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Treadmill Running vs. Actual Running

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  • 4bugsmama4bugsmama Posts: 2,877Member Member Posts: 2,877Member Member
    7lenny7 wrote: »
    corriepelc wrote: »
    For me, there's nothing better than running outside. I just love the feeling of being free to run wherever I want. I'm lucky as I live in California and even during the winter, I can still run outdoors.

    I'm lucky as I live in Minnesota and even during the winter, I can still run outdoors. ;)
    There is nothing like running outside in a heavy snow. It's magical! Ice beards are pretty cool too.

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    That's dedication! Total admiration right there! I love that you're smiling through the snow beard 😁 Have to be completely honest...it doesn't even snow where I live so I have zero excuses. Thanks for the post, which has led to a kick in the pants to just go run!
  • garystrickland357garystrickland357 Posts: 598Member Member Posts: 598Member Member
    @4bugsmama I live in Texas so we don't get the winter snow and deep cold that our northern neighbors get. That said, it is occasionally cold with low wind chills. The point is that it takes time (and $$) to learn how to dress for cold weather. I'm a big weenie and don't like being cold anymore than anyone else. You just have to get the gear and then have a happy heart about being able to do what many other folks cannot. At first you'll overdress and sweat and get cold, then you'll under dress and swear you'll never do that again - then you'll figure out what's comfortable. Once you're comfortable you'll stop thinking about the cold and start noticing all the things around you that are interesting and beautiful. I have access to a treadmill but prefer to run outside in almost every instance.
  • dewd2dewd2 Posts: 2,200Member Member Posts: 2,200Member Member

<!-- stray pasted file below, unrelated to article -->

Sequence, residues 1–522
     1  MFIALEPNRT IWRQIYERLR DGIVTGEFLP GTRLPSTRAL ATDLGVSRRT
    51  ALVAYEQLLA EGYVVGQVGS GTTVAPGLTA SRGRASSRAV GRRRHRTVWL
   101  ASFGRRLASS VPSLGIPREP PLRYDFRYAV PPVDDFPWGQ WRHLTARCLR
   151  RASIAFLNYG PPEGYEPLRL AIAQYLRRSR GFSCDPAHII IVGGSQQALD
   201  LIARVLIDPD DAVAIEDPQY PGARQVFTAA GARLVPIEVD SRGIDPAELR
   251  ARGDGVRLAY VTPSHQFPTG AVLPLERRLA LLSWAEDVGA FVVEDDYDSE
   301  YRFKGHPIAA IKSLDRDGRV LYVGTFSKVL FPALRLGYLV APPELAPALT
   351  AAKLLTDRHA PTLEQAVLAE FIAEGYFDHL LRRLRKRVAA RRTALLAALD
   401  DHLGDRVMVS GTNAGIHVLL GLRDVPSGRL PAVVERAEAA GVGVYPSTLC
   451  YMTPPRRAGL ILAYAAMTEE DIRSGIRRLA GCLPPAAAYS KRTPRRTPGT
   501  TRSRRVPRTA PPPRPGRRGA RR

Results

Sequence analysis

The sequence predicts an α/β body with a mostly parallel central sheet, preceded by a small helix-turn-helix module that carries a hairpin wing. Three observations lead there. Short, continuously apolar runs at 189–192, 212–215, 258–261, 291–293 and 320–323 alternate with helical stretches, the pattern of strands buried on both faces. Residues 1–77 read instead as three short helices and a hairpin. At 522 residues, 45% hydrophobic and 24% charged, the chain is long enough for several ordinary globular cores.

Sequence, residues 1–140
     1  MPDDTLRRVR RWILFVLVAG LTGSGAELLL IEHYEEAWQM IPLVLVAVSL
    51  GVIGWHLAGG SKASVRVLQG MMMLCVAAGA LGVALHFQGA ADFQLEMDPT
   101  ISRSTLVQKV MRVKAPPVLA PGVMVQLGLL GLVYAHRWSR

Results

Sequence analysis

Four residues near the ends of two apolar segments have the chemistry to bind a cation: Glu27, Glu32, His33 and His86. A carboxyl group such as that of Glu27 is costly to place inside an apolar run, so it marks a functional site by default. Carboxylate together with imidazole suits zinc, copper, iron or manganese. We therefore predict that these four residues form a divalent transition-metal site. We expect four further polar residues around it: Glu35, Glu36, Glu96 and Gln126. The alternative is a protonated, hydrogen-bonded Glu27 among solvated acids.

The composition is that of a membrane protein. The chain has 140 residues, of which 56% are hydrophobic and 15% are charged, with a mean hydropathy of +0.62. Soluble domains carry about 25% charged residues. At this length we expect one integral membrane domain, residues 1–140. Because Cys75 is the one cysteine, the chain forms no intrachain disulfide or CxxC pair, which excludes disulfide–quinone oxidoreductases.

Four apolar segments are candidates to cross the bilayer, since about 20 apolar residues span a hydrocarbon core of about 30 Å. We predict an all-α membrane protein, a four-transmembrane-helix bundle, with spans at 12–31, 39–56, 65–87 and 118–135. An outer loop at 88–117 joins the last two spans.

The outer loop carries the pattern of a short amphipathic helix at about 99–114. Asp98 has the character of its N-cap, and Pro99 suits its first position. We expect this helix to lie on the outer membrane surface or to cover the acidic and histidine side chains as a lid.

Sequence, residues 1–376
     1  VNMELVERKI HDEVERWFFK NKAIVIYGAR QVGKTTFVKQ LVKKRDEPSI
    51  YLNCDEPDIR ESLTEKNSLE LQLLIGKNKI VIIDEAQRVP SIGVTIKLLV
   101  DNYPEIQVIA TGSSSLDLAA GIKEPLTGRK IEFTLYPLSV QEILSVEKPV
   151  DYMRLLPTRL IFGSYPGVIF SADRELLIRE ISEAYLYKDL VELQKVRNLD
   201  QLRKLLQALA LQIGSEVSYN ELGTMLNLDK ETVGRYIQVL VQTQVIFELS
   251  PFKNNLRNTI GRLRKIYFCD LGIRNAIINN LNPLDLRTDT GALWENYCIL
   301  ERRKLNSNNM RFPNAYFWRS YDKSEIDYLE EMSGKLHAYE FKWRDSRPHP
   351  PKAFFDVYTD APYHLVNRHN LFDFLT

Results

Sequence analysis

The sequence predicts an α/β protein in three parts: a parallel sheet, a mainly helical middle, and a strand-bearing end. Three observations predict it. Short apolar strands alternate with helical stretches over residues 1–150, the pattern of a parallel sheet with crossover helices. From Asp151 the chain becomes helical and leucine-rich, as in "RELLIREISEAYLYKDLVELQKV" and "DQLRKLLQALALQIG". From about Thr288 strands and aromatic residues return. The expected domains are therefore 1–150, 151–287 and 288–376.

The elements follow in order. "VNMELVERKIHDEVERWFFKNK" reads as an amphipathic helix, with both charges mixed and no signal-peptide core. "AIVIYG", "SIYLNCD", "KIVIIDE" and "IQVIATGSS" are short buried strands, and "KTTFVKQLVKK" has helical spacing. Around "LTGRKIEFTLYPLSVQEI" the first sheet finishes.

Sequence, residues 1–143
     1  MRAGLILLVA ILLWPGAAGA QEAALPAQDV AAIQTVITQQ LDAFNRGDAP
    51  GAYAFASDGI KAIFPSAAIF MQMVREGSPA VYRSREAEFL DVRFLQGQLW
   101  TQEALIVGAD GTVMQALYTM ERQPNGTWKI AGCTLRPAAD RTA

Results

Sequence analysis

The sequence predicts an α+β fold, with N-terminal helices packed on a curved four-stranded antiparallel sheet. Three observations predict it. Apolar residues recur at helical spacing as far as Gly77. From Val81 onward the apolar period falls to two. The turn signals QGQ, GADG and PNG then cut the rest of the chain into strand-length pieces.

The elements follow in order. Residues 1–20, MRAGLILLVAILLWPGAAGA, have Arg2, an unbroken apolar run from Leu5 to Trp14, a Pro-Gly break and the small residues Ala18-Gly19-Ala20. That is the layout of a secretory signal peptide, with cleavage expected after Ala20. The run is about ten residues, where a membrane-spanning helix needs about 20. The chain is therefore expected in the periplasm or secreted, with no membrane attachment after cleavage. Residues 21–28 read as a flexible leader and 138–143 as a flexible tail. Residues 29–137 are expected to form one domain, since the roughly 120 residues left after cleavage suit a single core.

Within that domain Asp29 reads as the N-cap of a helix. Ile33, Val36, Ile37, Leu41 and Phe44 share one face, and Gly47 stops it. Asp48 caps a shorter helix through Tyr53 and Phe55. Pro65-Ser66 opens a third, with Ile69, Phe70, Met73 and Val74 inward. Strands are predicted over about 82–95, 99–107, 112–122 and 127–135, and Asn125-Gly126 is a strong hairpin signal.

+1 For the screw shoes. Cheap and effective. I'm also going try trail shoes in the snow this year.

    FWIW - Tomorrow will be my first 'real' run of Winter. Wind chill temps around 15F. And snow on Sunday. :smiley:
  • OldAssDudeOldAssDude Posts: 1,436Member Member Posts: 1,436Member Member
    dewd2 wrote: »
    +1 For the screw shoes. Cheap and effective. I'm also going try trail shoes in the snow this year.

    FWIW - Tomorrow will be my first 'real' run of Winter. Wind chill temps around 15F. And snow on Sunday. :smiley:

    Haha. Sunday is my 5k day.
  • Sunshine_And_SandSunshine_And_Sand Posts: 1,280Member Member Posts: 1,280Member Member
    From my experience, treadmill running is MUCH easier. I found the only thing that prepared me for running outside was to actually run outside. But the treadmill would go further toward getting you ready for running outside than sitting on the couch, so keep at it and have fun. Just don't be disappointed and think you did anything wrong if you get out there and your not able to go as long without stopping outside as you did on the treadmill.
  • Running2FitRunning2Fit Posts: 704Member Member Posts: 704Member Member
    7lenny7 wrote: »
    OldAssDude wrote: »
    7lenny7 wrote: »
    corriepelc wrote: »
    For me, there's nothing better than running outside. I just love the feeling of being free to run wherever I want. I'm lucky as I live in California and even during the winter, I can still run outdoors.

    I'm lucky as I live in Minnesota and even during the winter, I can still run outdoors. ;)
    There is nothing like running outside in a heavy snow. It's magical! Ice beards are pretty cool too.

    bx6q9p5m5nfi.jpg
    7ikl0c6xr6ac.jpg


    Dude!!!

    Now I got a man crush...

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    I live in Pennsylvania.

    @OldAssDude nice!! In the winter I check the forecast closely and do all I can do schedule my runs during snowstorms. It brings out my inner child.

    My favorite running partner also loves winter running

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    Aww! He’s so cute! I tried to take my pup on a run and she was not having it lol